by Robert Teitelman | Published May 24, 2012 at 1:09 PM
More on the continuing rumble over private equity. Noah Smith defends private equity by arguing that without it, we'd resemble the Japanese, with their entrenched corporations and oppressive, male-dominated salary men corporate lifestyles. Paul Krugman, brandishing charts, insists that private equity increased inequality. Matthew Yglesias tries to thread the needle, arguing that many of the apparent differences, particularly on the liberal side, can be reconciled. Yglesias responds to a tweet from The Nation's Chris Hayes echoing President Obama that this is an important national debate, as opposed to the usual campaign personality attacks. "From where I sit," mutters Yglesias, "what we've actually been having is an extremely confused and confusing debate that has almost no content beyond affect."
Amen. Why such a mess? Well, at the risk of providing more confusion, let's try to get some perspective on all this. I begin with Smith's decision to view Japan as a commentary on the U.S. Clearly, Smith is not talking just about private equity. Rather, he's discussing a broader debate about the merits or demerits of the transactional life, notably about the importance of entrepreneurs, mobility and change of control. There are, of course, cultural and political reasons for Japanese resistance to M&A that go beyond the defense of large corporations. (It's not really, as Andrew Sullivan writes in a headline, a matter of just "corporate raiders." Private equity almost never engaged in hostile raids -- and indeed the age of the corporate raiders really came and went in the '80s.) Similarly, the American move toward a more open change-of-control regime was enabled by the rediscovery of an American archetype, the entrepreneur. The historical roots of both capitalistic systems (though the free market crowd will insist that the American way is "more" capitalistic than Japan and that if America didn't invent capitalism, it perfected it) are tangled and complex. Japan had made the leap into modernity with the Meiji Restoration, then suffered a devastating defeat in World War II. The U.S. had recovered from the Great Depression and then powered forward after the smashing victory in World War II. That said, Japan's big business-centric system, with all the caveats included, superficially resembles the American big corporate, lifetime-employment, male-dominated model that lasted up into the '80s. Both of these models featured stakeholder governance, barriers to attack and relatively powerless capital markets. (There are big differences: The U.S. lacked zaibatsu and control by the big banks. You'd have to go back to J.P. Morgan to get some semblance of Japan's big-bank hegemony in the U.S.)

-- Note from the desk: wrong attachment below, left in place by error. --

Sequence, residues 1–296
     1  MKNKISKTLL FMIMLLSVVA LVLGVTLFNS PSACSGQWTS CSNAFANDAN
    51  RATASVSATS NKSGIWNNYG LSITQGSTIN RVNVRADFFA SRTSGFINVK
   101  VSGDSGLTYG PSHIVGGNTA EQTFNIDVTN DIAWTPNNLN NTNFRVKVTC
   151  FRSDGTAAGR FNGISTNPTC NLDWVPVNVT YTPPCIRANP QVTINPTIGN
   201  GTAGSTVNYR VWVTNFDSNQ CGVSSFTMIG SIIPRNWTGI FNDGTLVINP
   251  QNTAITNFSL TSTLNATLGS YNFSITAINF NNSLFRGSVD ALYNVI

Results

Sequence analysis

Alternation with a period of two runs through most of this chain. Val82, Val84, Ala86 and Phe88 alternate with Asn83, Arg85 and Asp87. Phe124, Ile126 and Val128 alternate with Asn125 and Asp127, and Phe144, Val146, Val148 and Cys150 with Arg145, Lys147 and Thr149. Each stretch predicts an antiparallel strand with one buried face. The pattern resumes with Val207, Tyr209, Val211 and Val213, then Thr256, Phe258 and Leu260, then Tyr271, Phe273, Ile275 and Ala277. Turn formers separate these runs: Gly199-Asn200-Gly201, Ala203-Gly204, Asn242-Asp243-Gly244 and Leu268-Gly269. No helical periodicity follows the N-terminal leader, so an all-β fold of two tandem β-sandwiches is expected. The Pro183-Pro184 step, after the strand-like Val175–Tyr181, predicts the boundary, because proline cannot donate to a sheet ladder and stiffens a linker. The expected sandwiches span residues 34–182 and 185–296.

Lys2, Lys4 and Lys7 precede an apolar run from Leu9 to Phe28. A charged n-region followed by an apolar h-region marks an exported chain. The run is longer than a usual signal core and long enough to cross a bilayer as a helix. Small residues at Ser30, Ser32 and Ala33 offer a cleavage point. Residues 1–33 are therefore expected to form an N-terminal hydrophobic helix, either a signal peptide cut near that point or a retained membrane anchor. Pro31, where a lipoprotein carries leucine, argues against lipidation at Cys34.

Smith may be right that Japanese workers are mostly unhappy (or he may be wrong: he admits it's not exactly an empirical fact). The more relevant question is whether Japan's post-bubble malaise stems from its failure to unleash change through its corporate sector with private equity and M&A. The answer to that is unclear.